He adds that the themes of the musical resonate with a young audience in a way that might be missed by more traditional theatre reviewers.

“Young people for some people don’t have the same filters that older people have,” Geohring says. “They can look under the hood a little bit and look at all the issues that this show has that it doesn’t wear on its sleeve. We don’t talk about suicide or bullying – that’s all there, but we don’t preach it. It’s not written that way, you have to look just under the surface to see these things.

“And I think younger people who have a more keen sense of writing that is not on your sleeve, they got it right away. Those that come in and take it at face value and don’t look a little under the surface at those issues, I think it’s easy to take that point of view if that is your inclination.”

Composer and lyricist Joe Iconis has previously said musical theatre is the perfect language for teens to explore themes such as this.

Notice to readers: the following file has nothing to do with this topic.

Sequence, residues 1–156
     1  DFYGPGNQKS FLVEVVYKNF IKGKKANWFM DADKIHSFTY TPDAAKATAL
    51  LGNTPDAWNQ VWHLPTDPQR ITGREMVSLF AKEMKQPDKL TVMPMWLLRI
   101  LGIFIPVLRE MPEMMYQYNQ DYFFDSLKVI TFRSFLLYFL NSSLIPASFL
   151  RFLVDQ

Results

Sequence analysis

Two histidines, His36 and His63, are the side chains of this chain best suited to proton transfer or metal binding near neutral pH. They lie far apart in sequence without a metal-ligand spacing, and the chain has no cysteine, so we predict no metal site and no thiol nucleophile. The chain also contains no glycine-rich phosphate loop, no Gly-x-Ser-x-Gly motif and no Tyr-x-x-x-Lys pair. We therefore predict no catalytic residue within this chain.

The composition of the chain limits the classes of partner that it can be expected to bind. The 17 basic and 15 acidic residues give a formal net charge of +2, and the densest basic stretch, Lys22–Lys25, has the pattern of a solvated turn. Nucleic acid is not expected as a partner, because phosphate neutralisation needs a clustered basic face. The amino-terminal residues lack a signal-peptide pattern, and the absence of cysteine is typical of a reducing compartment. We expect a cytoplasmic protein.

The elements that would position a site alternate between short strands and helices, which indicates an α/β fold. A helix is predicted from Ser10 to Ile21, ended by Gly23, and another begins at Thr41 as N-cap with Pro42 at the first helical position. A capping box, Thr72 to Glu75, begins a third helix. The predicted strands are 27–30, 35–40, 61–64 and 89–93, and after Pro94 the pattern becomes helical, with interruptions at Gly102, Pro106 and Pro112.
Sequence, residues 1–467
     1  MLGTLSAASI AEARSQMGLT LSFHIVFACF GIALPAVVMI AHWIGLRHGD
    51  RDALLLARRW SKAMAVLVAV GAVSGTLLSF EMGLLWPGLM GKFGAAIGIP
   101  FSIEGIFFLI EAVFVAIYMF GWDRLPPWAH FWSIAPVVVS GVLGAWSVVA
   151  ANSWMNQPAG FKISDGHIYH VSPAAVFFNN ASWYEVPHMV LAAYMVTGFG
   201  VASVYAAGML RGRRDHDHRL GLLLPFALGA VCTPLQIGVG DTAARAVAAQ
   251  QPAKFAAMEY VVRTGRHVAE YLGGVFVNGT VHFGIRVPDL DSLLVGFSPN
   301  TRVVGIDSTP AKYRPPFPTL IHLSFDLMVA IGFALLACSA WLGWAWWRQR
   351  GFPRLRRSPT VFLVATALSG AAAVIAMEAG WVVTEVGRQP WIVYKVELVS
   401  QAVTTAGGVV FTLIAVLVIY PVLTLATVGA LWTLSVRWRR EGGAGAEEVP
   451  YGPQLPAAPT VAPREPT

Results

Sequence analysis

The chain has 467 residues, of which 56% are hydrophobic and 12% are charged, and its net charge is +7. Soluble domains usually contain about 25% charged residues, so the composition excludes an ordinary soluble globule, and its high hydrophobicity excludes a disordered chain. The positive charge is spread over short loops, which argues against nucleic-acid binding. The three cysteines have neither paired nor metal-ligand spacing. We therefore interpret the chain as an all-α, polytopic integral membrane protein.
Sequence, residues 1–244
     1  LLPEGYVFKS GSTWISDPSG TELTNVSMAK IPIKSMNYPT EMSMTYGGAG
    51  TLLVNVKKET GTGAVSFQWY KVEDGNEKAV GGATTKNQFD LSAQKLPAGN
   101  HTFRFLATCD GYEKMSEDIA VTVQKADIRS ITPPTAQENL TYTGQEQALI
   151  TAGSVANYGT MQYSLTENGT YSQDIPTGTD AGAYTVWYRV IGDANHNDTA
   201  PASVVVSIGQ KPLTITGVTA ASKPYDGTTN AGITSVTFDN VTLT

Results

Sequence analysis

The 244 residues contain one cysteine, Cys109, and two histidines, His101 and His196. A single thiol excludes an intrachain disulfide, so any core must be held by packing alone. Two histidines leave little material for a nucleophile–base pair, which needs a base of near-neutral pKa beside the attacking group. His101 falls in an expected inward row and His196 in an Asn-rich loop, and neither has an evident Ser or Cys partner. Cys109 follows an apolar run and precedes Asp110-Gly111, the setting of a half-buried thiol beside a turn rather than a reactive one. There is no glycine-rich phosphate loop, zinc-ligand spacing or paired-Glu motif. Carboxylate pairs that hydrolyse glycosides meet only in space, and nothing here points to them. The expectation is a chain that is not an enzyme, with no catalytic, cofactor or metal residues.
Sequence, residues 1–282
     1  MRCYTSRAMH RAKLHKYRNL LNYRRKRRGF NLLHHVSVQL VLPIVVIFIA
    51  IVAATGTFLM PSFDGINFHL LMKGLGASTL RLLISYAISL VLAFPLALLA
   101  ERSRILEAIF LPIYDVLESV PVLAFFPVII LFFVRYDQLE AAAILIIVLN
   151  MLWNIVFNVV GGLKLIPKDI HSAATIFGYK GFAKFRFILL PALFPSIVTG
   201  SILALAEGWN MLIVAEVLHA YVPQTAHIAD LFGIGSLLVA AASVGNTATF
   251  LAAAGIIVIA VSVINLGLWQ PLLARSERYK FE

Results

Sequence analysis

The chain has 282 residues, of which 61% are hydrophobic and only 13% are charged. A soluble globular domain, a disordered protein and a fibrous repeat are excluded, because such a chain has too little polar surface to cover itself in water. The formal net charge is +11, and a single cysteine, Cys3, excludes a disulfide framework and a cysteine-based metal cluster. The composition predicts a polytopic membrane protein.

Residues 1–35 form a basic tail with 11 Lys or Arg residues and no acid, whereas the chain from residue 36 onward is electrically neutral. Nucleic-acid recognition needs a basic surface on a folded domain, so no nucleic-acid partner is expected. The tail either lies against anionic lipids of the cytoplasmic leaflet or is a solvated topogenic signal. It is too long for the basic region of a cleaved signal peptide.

“Teenage characters are going through the same things adults are, they just don’t have the vocabulary to express themselves, or they haven’t built up the walls adults do,” he told The Guardian last year.

“There’s this idea in musical theatre that you sing when your emotions are too big to do anything else but sing. For me, that’s the teenage experience.”

Be More Chill opens at The Other Palace in February 2020.



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Strictly judge Shirley Ballas opens up about online abuse

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Shirley Ballas has told BBC Breakfast she has received more online bullying this year than any other.

Most of the abuse comes from younger fans who get disgruntled if she sends their favourite dancer home on Strictly Come Dancing, she said.

The BBC One show’s head judge added that she was concerned about what else those viewers were doing online and offline.



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Kylie Jenner sells stake in cosmetics company for $600m

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Kylie Jenner will sell the majority of her cosmetics company for $600 million (£463 million).

The 22-year-old’s brand, including Kylie Cosmetics and Kylie Skin, will be controlled by beauty giant Coty.